Being a megafan of both Stanley Kubrick and Stephen King, it should go without saying that no small amount of my mental real estate is devoted to ephemera related to The Shining. Salacious rumors from the set, weird anecdotes about Kubrick's working relationship with King, largely useless (but mildly interesting!) factoids about the film's production design and development - I casually collect this stuff the way some people collect movie posters or coffee mugs.
As such, you can imagine how thrilled I was when, earlier today, I stumbled across Stanley Kubrick's original treatment for The Shining over at Cinephilia & Beyond.
The treatment is embedded alongside a lengthy, rarely-seen interview with Kubrick (which you should absolutely make the time to go and read), and - believe it or not - it's the first time I've ever actually laid eyes on the thing. Sure, I've heard stories about what the treatment contained - mainly scenes from King's novel that didn't make the cut in Kubrick and Diane Johnson's final draft - but to see all 81 pages of it, laid out in easy-to-read PDF form? Shit. Maybe you've read this document before, but it was brand-new to my eyes.
And what a gift it is.
As you can see: worth reading from page one.
For the most part, the beats are the same - Jack gets a job as the winter caretaker at the Overlook hotel, his family moves in, Dick Halloran's there to tell Danny about the Shining, hysteria and cabin fever set in before erupting into violence - but the treatment also contains a ton of scenes and details that weren't included in the final film. Some of 'em (like a flashback scene where an enraged Jack breaks the arm of one of his former students) are lifted directly from King's novel, while others (like the moment where the hotel possesses Halloran, turning him evil) are brand-new to any version of The Shining.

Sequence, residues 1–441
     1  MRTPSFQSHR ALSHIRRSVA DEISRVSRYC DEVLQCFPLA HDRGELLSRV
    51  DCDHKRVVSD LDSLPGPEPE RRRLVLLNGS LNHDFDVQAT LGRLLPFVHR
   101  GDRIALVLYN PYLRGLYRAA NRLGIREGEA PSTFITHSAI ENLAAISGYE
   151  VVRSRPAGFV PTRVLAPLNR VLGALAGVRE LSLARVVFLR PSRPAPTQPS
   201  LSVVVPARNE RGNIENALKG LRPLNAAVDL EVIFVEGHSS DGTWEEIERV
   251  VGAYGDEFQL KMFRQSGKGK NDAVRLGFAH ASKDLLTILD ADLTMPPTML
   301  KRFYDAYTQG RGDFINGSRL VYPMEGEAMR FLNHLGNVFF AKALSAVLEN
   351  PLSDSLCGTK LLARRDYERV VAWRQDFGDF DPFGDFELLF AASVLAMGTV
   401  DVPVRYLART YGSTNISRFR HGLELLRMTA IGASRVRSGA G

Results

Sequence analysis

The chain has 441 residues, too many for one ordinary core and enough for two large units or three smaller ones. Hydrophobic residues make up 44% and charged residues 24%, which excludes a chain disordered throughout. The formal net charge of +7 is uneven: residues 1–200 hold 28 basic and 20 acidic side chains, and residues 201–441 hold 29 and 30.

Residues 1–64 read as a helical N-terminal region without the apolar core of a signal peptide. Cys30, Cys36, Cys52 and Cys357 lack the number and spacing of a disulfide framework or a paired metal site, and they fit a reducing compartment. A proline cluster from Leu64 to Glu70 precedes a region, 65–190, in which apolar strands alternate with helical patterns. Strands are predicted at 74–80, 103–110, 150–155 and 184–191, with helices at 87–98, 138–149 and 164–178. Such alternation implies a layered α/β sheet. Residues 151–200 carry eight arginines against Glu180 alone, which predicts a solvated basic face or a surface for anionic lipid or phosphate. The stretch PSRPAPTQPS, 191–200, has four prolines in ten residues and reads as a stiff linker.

The changes are interesting for a number of reasons. On a very basic level, there's the simple thrill of reading through a number of sequences that were never shot (like Danny finding a bloodied pair of child's shoes buried in an Overlook sandbox); those kind of dodged bullets/missed opportunities are always fascinating to me.
On another level, it's interesting to see how faithful Kubrick's original vision for the film was: the ending is completely different from King's novel, to be sure, but many of the details along the way were preserved (for instance: the infamous Overlook scrapbook). Considering the decades-long debate over whether or not The Shining is a "good" adaptation (correct answer: it's definitely not a faithful adaptation, but it's possibly the greatest horror film ever made) that's a pretty interesting development.
Anyway, the full PDF is here, and I highly recommend that you read through it. Look it over, take some notes, and then hit the comments section below to tell us about your favorite scene that didn't make the cut. I think you'll have just as much fun reading through this thing as I did.